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What's NFC? PayPal lobs Chip and PIN readers at UK small biz

Just as the world moves to pay-by-bonk

Internet Security Threat Report 2014

Accepting credit cards just got even easier, with PayPal and iZettle both announcing Chip and PIN readers suitable for European markets where mag-stripes are considered passe.

PayPal Here has been around in the US for a while, allowing merchants to take credit-card payments into their PayPal accounts, but like rival service iZettle and the much-hyped Square it uses only the magnetic stripe - which is considered too insecure for European offerings. But now PayPal and iZettle have introduced Chip and PIN offerings, with wireless connections to smartphone apps, just as the industry moves on to NFC.

Neither device is much larger than the cards they read, and both sport a keypad and a Bluetooth connection to a smartphone app. iZettle manages a small screen, while PayPal's offering relies on LEDs to show success, but beyond the cosmetics there's not much to choose between the two.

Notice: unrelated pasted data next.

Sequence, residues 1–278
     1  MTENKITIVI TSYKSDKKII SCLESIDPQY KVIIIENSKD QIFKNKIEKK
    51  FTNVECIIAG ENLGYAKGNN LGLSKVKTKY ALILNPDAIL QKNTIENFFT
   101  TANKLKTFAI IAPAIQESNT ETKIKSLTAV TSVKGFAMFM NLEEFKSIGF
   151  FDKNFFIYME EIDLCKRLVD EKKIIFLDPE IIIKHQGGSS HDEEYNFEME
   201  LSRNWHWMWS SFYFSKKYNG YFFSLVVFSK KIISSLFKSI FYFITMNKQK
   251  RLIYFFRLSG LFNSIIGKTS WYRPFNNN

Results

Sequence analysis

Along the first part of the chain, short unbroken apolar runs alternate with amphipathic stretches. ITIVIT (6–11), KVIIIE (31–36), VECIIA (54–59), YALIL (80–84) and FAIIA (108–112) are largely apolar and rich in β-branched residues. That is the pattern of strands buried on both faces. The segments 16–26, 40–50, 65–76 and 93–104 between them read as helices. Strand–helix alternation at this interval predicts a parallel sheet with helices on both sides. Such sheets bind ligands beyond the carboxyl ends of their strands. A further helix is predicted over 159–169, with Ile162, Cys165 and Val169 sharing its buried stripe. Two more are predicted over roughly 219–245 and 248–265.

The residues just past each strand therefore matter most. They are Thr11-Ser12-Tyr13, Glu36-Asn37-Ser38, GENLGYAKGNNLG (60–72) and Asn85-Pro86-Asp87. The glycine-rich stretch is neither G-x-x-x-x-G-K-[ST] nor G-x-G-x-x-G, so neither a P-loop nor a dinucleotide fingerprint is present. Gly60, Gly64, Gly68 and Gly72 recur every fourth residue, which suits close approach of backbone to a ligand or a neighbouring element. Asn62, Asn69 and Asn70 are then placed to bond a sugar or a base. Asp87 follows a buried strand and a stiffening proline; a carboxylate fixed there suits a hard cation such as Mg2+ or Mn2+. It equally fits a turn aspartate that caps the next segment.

Chip and PIN dominates credit-card payments across Europe, and has led to an immediate drop in fraud as thieves have had to move into cardholder-not-present transactions - such as internet ordering, which require a delivery address and other traceable details. Americans have so far stuck with magnetic stripes and signatures for securing physical transactions.

Verifying identity by signature is fraught with difficulties: while experts might be able to confidently spot a forged Hancock, the gas station attendant lacks those years of training and these days rarely even pretends to check, so America is being pushed relentlessly towards Chip 'n' PIN too, which might explain PayPal's interest in the tech.

Using a PIN everywhere does make it less secure, vulnerable to shoulder-surfing, but that's offset by the impossibly-difficult-to-copy chip embedded in the card, so our thief needs good eyesight and light fingers to profit from the deed.

PayPal Here is aimed at small businesses who don't have the margins for traditional card processors, though it joins a host of existing offerings including Sail from Verifone and mPowa, which launched its own Chip 'n' PIN offering last month.

Accepting NFC payments should require just a small tweak to the software, once the smartphones concerned all have NFC built in. But by then everyone will be jumping into the business, so the time to grab customers is now - as PayPal is well aware. ®

Internet Security Threat Report 2014

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